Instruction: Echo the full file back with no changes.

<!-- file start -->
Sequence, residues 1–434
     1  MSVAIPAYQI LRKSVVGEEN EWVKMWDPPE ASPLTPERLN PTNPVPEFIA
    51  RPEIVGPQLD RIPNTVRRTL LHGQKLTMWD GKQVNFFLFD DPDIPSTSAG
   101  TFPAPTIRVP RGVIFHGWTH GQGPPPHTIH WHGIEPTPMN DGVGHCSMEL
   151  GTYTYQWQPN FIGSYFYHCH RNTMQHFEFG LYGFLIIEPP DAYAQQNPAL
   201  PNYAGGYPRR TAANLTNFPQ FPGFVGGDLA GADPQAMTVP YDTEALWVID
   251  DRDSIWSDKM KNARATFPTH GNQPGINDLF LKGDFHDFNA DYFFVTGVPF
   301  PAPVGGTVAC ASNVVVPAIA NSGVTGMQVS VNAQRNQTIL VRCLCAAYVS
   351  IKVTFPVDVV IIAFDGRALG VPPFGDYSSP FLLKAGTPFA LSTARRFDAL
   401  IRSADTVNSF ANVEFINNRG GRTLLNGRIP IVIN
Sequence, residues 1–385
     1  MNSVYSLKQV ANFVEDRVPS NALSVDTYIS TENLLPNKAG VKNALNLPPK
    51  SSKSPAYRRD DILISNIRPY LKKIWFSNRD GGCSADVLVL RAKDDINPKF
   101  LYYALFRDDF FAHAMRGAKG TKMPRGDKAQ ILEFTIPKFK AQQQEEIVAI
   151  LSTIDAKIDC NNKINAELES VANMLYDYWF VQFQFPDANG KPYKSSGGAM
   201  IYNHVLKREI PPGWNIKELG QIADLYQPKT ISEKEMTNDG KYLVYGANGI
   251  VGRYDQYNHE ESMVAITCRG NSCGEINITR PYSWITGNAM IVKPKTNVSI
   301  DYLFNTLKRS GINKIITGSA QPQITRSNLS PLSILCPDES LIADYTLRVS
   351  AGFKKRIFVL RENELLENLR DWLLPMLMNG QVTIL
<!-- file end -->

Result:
Sequence, residues 1–434
     1  MSVAIPAYQI LRKSVVGEEN EWVKMWDPPE ASPLTPERLN PTNPVPEFIA
    51  RPEIVGPQLD RIPNTVRRTL LHGQKLTMWD GKQVNFFLFD DPDIPSTSAG
   101  TFPAPTIRVP RGVIFHGWTH GQGPPPHTIH WHGIEPTPMN DGVGHCSMEL
   151  GTYTYQWQPN FIGSYFYHCH RNTMQHFEFG LYGFLIIEPP DAYAQQNPAL
   201  PNYAGGYPRR TAANLTNFPQ FPGFVGGDLA GADPQAMTVP YDTEALWVID
   251  DRDSIWSDKM KNARATFPTH GNQPGINDLF LKGDFHDFNA DYFFVTGVPF
   301  PAPVGGTVAC ASNVVVPAIA NSGVTGMQVS VNAQRNQTIL VRCLCAAYVS
   351  IKVTFPVDVV IIAFDGRALG VPPFGDYSSP FLLKAGTPFA LSTARRFDAL
   401  IRSADTVNSF ANVEFINNRG GRTLLNGRIP IVIN
Sequence, residues 1–385
     1  MNSVYSLKQV ANFVEDRVPS NALSVDTYIS TENLLPNKAG VKNALNLPPK
    51  SSKSPAYRRD DILISNIRPY LKKIWFSNRD GGCSADVLVL RAKDDINPKF
   101  LYYALFRDDF FAHAMRGAKG TKMPRGDKAQ ILEFTIPKFK AQQQEEIVAI
   151  LSTIDAKIDC NNKINAELES VANMLYDYWF VQFQFPDANG KPYKSSGGAM
   201  IYNHVLKREI PPGWNIKELG QIADLYQPKT ISEKEMTNDG KYLVYGANGI
   251  VGRYDQYNHE ESMVAITCRG NSCGEINITR PYSWITGNAM IVKPKTNVSI
   301  DYLFNTLKRS GINKIITGSA QPQITRSNLS PLSILCPDES LIADYTLRVS
   351  AGFKKRIFVL RENELLENLR DWLLPMLMNG QVTIL